Here is a gross oversimplification of an intense setup I am working with. table_1 and table_2 both have auto-increment surrogate primary keys as the ID. info is a table that contains information about both table_1 and table_2.

table_1 (id, field)  
table_2 (id, field, field)
info ( ???, field)

I am trying to decided if I should make the primary key of info a composite of the IDs from table_1 and table_2. If I were to do this, which of these makes most sense?
( in this example I am combining ID 11209 with ID 437 )

INT(9) 11209437 (i can imagine why this is bad)
VARCHAR (10) 11209-437
DECIMAL (10,4) 11209.437

Or something else?

Would this be fine to use this as the Primary Key on a MYSQL MYISAM DB?


8 Answers 8


I would use a composite (multi-column) key.

    t1ID INT,
    t2ID INT,
    PRIMARY KEY (t1ID, t2ID)

This way you can have t1ID and t2ID as foreign keys pointing to their respective tables as well.

  • 2
    Oh wow so THAT'S how you make a composite key! looks like i've been totally misunderstanding the concept. Thank you!! So something like this is entirely for indexing purposes then correct? As in I wouldn't be able to reference a record by using this composite, I would still have to so do an UPDATE info ... WHERE t1ID=11209 AND t2ID=437 ?
    – filip
    Apr 29, 2011 at 20:28
  • 2
    correct. Although since both columns should be unique, where t1ID = 11209 would probably be sufficient.
    – AlexCuse
    Apr 29, 2011 at 21:23
  • 48
    @AlexCuse the combination of both columns is unique, but for t1ID = 11209 there can be any number of t2IDs.
    – e18r
    Apr 6, 2015 at 18:34
  • @AlexCuse If I have composite key (field1, field2) does it make sense to create separate index of field1 on top, or it being in composite is enough?
    – temuri
    Feb 24 at 17:20
  • 1
    @temuri that really depends on data size and access patterns in your application. For a very large table that is often queried with a where clause on only the one column a separate index could be worth it.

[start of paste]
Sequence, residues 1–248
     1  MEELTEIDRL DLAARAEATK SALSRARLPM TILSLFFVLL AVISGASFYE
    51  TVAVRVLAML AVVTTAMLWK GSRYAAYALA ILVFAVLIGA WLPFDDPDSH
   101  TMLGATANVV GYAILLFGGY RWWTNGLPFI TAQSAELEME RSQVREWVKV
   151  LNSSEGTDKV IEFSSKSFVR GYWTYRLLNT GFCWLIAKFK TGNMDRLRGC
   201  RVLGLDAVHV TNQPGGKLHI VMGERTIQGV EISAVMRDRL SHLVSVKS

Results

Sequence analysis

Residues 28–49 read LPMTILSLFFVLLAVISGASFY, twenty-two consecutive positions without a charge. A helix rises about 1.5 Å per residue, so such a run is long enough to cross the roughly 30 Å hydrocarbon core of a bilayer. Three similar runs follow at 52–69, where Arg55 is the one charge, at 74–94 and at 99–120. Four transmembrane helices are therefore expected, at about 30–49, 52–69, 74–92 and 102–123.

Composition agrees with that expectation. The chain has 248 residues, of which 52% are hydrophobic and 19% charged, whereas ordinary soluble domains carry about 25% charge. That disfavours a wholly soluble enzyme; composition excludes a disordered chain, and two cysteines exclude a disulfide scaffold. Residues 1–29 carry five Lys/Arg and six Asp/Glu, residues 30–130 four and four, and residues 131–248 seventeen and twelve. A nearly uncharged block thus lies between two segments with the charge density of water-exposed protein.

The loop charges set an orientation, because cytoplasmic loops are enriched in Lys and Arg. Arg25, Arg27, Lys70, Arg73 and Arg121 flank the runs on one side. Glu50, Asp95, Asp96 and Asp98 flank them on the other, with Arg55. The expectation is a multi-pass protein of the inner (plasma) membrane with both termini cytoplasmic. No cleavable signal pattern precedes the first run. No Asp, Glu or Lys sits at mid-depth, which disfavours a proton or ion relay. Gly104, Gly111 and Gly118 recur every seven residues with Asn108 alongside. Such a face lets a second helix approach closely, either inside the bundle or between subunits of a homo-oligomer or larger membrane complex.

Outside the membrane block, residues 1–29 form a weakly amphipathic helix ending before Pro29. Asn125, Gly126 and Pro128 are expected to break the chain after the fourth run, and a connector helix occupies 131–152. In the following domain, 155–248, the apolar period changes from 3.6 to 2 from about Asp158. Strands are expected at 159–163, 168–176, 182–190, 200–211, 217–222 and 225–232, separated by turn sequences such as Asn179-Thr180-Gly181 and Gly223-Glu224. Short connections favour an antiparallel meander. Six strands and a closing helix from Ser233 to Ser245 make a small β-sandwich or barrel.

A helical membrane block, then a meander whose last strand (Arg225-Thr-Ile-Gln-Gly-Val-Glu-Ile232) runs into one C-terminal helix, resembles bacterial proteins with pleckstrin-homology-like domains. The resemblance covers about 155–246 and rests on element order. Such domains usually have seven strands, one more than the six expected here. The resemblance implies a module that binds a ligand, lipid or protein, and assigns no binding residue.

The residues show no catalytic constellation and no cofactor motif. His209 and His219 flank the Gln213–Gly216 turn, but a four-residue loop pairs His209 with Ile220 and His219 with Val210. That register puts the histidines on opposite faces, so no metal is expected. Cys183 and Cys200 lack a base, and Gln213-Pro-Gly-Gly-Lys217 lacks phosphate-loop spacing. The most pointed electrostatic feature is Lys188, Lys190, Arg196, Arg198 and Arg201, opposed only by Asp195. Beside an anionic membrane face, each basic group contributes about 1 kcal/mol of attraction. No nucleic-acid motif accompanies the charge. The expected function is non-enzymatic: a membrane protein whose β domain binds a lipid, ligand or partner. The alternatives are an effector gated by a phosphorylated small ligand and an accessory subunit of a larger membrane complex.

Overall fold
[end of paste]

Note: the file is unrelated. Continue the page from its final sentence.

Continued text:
– AlexCuse
    Feb 25 at 23:24

I would not make the primary key of the "info" table a composite of the two values from other tables.

Others can articulate the reasons better, but it feels wrong to have a column that is really made up of two pieces of information. What if you want to sort on the ID from the second table for some reason? What if you want to count the number of times a value from either table is present?

I would always keep these as two distinct columns. You could use a two-column primay key in mysql ...PRIMARY KEY(id_a, id_b)... but I prefer using a two-column unique index, and having an auto-increment primary key field.

  • 1
    You are absolutely right about keeping distinct columns. I was unaware that you could have two-column unique index and I think that may actually be a good option for me. Could I ask though why you would still prefer to keep the Primary Key as auto-increment?
    – filip
    Apr 29, 2011 at 20:33
  • 3
    I don't have really compelling reasons, and I concede this is a point of contention between me and some of my colleagues, because it is more economical to have fewer columns. I find it easier to write joins on a single foreign key. Sometimes the significance of these tables "Mappings between two tables" becomes as important as the original tables, and its primary key becomes a foreign key column in yet other tables.
    – wmorse
    Apr 29, 2011 at 21:32
  • thank you. I think what your saying makes much sense and I will try it as a two-column unique index + auto-increment primary key
    – filip
    Apr 29, 2011 at 21:57
  • 1